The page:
19th October 2018 - 5 min read
Times are indeed changing when we think about how we view death nowadays. Although we still have our beliefs and superstitions, but fear of the supernatural isn’t as real as managing your financial expenses, for instance. The cost of living is increasing, and so are the costs of a funeral these days.
Let’s take away some of the gloominess surrounding how expensive it is to live and die, and look instead at the many interesting funeral traditions societies uphold around the world.
If you’re wondering why this funeral tradition is nicknamed “The Walking Dead” ceremony, it’s because that is more or less what happens! In Toraja in South Sulawesi, Indonesia, the locals dig up the dead bodies of their relatives and celebrate with the corpses.
After cleaning the corpses and dressing them in new clothes, the people of Toraja then affix the corpses to bamboo sticks, so the bodies of their loved ones can be placed in an upright position and moved around. The whole ceremony is meant to be a joyous one, with everyone casually chatting to their dead relatives and even snapping family pictures together.
The locals aren’t against tourists taking part of these funeral traditions, so if you want to experience the Ma’nene ceremony for yourself, you can visit Toraja in August and witness corpses being paraded around the streets.
With many races living in one country, it’s hard to choose which funeral custom to emphasise on. Since there are many working expats in Malaysia, we think it’s good to help educate them on the funeral traditions of the Muslim community – in case they have to attend one.
What we find interesting is that there’s actually a rule for how you should mourn the death of a Muslim person. No matter how tragic or sad the situation is, you’re not allowed to express uncontrollable grief or cry loudly as this is discouraged in the Islamic faith. The hidaad (mourning period) should last only three days.
For a Muslim woman who lost a husband, her iddah or mourning period will last for four months and ten days. During the event, she is not allowed to wear perfume or jewellery, and can only leave the house for work and errands. She has to spend nights in her own house and is strictly prohibited from remarrying until the iddah is over.
So, you’ve seen Disney’s movie Coco, but what do you really know about Día de los Muertos – The Day of the Dead? This tradition is a multi-day holiday when family and friends gather to pray and remember the death of their loved ones. During the celebration, Mexicans build altars on the grave and decorate it with flowers, photos, memorabilia, and the favourite foods and drinks of the deceased. The bright orange flowers that you see in the movie is the marigold flower, widely used to attract souls to the offerings. Not only does the colour of the marigold stand out, the strong scent of the flowers also guides the souls to their family homes.
The symbol of Día de los Muertos is the calavera, a representation of a skull, usually in the form of a beautifully decorated, edible sugar skull. The calavera is marked with the name of the recipient on the forehead. Many people mistake the tradition as a “Mexican Halloween”, but in reality Día de los Muertos takes place every 1–2 November. The festival isn’t meant to be scary like Halloween but is more towards reconciliation between the deceased and their families.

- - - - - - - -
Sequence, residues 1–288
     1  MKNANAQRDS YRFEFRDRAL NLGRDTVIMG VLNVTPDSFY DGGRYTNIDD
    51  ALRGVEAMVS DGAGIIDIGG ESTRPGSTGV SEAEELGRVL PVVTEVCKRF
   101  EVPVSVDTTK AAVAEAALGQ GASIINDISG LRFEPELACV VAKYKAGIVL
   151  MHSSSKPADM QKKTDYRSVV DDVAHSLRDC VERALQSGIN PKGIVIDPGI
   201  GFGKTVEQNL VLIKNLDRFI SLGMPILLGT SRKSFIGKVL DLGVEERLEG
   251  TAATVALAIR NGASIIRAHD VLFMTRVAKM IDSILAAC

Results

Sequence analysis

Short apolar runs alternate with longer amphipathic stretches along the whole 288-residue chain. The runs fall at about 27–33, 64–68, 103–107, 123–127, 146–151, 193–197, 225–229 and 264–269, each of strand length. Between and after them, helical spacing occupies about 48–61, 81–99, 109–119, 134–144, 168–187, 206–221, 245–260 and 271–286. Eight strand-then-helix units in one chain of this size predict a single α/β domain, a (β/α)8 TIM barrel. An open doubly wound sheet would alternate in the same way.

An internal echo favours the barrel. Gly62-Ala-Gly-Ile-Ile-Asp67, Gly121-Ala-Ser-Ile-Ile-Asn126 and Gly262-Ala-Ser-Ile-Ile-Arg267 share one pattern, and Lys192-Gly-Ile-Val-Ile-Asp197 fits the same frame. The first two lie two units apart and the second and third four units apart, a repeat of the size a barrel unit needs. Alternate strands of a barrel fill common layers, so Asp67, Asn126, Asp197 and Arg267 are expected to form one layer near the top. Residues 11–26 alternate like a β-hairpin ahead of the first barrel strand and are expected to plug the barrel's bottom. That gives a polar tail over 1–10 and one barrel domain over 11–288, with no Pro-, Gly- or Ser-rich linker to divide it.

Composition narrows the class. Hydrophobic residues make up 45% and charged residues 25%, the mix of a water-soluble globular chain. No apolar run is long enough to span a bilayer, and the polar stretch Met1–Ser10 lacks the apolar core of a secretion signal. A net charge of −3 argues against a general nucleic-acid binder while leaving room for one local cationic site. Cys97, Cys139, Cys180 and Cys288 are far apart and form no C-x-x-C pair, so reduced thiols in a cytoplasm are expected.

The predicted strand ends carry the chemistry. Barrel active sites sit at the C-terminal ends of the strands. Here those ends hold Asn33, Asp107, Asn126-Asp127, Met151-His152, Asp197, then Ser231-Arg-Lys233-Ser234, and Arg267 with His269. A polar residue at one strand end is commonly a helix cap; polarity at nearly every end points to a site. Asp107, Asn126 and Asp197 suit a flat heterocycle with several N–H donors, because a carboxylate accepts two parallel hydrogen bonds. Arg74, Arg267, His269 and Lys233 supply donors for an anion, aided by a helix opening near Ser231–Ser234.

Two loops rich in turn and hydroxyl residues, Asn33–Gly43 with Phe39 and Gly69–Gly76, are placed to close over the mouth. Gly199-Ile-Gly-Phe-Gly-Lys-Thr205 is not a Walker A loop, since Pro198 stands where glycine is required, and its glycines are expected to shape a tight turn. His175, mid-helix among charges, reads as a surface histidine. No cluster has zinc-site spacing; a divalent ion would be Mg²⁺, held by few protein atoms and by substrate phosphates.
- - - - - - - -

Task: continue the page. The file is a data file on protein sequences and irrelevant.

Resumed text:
(Image source: John Lehmann)
Have you ever attended a funeral where some unfamiliar women cried loudly for the deceased? If they’re not family members or close friends of the deceased, you could have met professional mourners. This tradition dates back to Ancient Egypt, where professional mourners are two strangers attending funerals – they are usually women as they represent the Egyptian goddesses, Isis and Nephthys. They will scream and pull their hair out, transferring energy to the deceased to reach the afterlife.
Now the Egyptian tradition has spread across continents to China and the United Kingdom. Why would someone hire professional mourners? There are various reasons. Maybe some relatives need help mourning because they’re secretly happy that they inherited a big chunk of fortune! More commonly, mourners are needed in modern China and Egypt because the funeral ceremony involves loud wailing or prayers in the form of song and poetry, which is better done by trained professionals.
Funerals in South Africa are meant to be treated with dignity and respect, just like in most other cultures. Windows of a house are smeared with ash, beds are moved from the deceased’s room to make space for mourners, and sometimes there are animal sacrifices to please the ancestors. The funeral is held in complete silence and nobody should make noise. When it ends, people will wash off the dust and dirt from the graveyard before they enter the house to avoid bad luck.
However, an interesting tradition has popped up in modern South African culture. The after-tears party is held after the funeral where young people gather to drink alcohol, play loud music, and fondly remember the deceased. Some elders see this culture as disrespectful, unlucky, and just an excuse for the youngsters to drink excessively. However, not all after-tears parties are rowdy – some are quiet affairs, and most are trying to balance both new and traditional traditions.
Whether it’s a cheerful celebration or a loud, mournful affair, there are so many ways you can carry out a funeral. If there’s one thing in life that is certain, it’s death – and it’s interesting to see how different cultures in the world pay homage to it.
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